This research earned Dr. Abramovich and his team a 2019 CMHC Gold Roof Award for Housing Research Excellence ($10,000), which recognizes outstanding housing research in Canada. He hopes that positive results highlighted by the study will lead to more programs specific to LGBTQS2 youth experiencing homelessness.
“There’s a strong link between youth coming out and homelessness. We still don’t have accurate data on the rates of homelessness among LGBTQ2S youth across Canada but we estimate that of the 40,000 youth who are homeless, between 25-40% identify as LGBTQ2S. Most often the cause is identity-based family rejection.”
LGBTQ2S youth often encounter homophobia and transphobia at all levels in shelters and housing programs. Sometimes it is more subtle discrimination, such as policies and forms that aren’t inclusive, or staff that don’t respect pronouns. Sometimes it is more dangerous and can lead to bullying and violence, such as when staff make assumptions about whether trans youth should be placed on the men’s or women’s floor, rather than giving them the choice of where they feel safest.
“The difference between Sprott House and many other shelters is that all of the programs have been designed from an LGBTQ2S lens and many of the staff identify as LGBTQ2S, making it easier for youth to relate to them. It makes a very big difference when youth can see themselves reflected in the staff who work at programs and when staff understand the importance of asking about pronouns and chosen names. The staff are familiar with LGBTQ2S programs across the city and can help youth access specific community resources,” says Dr. Abramovich.
He acknowledges that not every young person wants specialized programs, but that they should have options. Ultimately, he would like to ensure that every shelter can meet the needs of and is safe for LGBTQ2S youth.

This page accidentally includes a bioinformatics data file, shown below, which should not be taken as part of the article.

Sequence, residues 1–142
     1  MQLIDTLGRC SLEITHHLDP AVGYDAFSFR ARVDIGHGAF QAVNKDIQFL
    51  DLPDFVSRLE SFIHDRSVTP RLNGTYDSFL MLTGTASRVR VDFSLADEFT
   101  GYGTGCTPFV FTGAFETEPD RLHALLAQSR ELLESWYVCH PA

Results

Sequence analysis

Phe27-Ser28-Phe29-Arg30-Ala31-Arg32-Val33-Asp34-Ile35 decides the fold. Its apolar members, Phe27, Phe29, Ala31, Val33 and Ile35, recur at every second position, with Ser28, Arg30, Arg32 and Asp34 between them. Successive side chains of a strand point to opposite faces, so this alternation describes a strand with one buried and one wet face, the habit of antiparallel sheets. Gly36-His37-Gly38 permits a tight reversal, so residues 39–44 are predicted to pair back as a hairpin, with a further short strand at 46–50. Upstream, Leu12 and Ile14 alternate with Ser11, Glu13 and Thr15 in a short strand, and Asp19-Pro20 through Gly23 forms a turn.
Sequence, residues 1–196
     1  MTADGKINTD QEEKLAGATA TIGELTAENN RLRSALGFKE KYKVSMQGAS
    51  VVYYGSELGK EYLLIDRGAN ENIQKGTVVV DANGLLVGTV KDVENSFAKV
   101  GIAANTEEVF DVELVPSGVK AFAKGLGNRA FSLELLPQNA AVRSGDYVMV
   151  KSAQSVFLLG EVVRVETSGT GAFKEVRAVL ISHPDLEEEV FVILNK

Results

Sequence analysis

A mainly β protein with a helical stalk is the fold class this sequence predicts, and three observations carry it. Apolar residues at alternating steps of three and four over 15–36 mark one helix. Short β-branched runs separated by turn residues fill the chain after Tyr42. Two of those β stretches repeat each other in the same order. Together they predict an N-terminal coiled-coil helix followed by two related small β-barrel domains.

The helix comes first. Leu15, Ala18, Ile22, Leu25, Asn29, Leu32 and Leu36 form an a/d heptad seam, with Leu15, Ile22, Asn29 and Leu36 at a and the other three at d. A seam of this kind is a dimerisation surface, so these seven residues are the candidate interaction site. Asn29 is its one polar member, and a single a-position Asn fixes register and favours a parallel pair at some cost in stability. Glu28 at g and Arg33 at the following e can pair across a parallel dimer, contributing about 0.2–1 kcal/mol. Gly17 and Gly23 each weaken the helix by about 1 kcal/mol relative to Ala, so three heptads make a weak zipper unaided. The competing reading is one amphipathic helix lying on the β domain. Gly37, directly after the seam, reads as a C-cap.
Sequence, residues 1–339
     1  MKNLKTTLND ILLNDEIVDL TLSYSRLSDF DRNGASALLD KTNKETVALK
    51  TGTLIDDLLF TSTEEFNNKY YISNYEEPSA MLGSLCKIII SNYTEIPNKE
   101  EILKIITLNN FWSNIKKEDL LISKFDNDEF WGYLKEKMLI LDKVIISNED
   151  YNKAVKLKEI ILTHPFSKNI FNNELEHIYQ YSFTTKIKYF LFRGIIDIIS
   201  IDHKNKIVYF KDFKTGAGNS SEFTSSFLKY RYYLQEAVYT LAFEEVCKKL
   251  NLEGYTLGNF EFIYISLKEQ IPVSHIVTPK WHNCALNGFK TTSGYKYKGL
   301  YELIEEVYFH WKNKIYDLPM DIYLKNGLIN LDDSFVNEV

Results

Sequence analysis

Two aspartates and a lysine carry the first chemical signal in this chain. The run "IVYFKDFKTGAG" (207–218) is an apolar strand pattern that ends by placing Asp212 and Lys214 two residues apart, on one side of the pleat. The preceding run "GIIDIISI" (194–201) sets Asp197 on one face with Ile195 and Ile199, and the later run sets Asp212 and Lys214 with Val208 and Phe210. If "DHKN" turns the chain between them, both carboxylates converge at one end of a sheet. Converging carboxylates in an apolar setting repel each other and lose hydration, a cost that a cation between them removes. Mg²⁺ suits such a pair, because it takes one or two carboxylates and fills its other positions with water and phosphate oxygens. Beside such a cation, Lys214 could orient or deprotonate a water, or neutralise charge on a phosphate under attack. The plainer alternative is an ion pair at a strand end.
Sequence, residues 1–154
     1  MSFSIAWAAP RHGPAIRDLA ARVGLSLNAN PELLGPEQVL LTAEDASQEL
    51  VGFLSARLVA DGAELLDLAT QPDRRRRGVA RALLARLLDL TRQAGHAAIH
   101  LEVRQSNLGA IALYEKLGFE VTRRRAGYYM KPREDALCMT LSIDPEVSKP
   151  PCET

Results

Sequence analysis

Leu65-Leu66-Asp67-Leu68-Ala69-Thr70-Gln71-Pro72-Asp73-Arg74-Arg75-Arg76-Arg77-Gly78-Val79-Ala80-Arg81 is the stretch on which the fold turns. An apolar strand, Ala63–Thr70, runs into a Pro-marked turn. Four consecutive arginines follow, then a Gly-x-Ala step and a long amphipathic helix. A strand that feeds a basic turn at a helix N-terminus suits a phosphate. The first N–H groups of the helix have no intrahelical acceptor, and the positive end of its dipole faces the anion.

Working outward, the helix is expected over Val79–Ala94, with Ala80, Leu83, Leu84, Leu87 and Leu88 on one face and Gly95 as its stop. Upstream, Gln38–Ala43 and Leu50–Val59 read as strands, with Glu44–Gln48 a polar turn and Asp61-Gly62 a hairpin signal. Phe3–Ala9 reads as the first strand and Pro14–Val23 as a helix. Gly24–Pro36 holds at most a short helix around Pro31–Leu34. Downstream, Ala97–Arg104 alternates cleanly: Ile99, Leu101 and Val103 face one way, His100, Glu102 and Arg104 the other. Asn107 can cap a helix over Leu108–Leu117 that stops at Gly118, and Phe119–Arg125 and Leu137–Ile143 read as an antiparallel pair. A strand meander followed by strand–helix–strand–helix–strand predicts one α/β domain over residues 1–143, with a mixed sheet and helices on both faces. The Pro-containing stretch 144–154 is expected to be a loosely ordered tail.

With the onset of COVID-19, LGBTQ2S youth are experiencing even greater hardship. Dr. Abramovich is looking to secure funding to study the impacts of COVID-19 on LGBTQ2S youth at-risk of, and experiencing, homelessness. Many of the support services and drop-in programs that homeless youth rely on have been suspended. At the same time, they may be more severely affected by the mental health challenges of these difficult times. They already experience higher rates of suicidality, depression, and anxiety.
There are also countless LGBTQ2S young people who typically couch surf, are precariously housed, or were living on residence at university or college. With the COVID-19 crisis, they’ve suddenly been forced back into abusive family home.
For Dr. Abramovich, who identifies as queer and transgender, his research hits close to home.
“I grew up in Toronto where homelessness is such a prevalent and visible issue. Even as a young child, I had many questions about homelessness. Later, as a youth, I had a difficult coming out experience. So, my work comes from a very personal place. Now, more than ever, it’s important to find ways to support the most vulnerable among us.”
The study, “Outcomes for Youth Living in Canada’s First LGBTQ2S Transitional Housing Program,” was funded by the City of Toronto. CMHC’s Housing Research Awards recognize impactful and innovative activities in Canadian housing, like housing research, research training and knowledge mobilization outreach. The deadline to apply for the 2020 awards is July 17, 2020.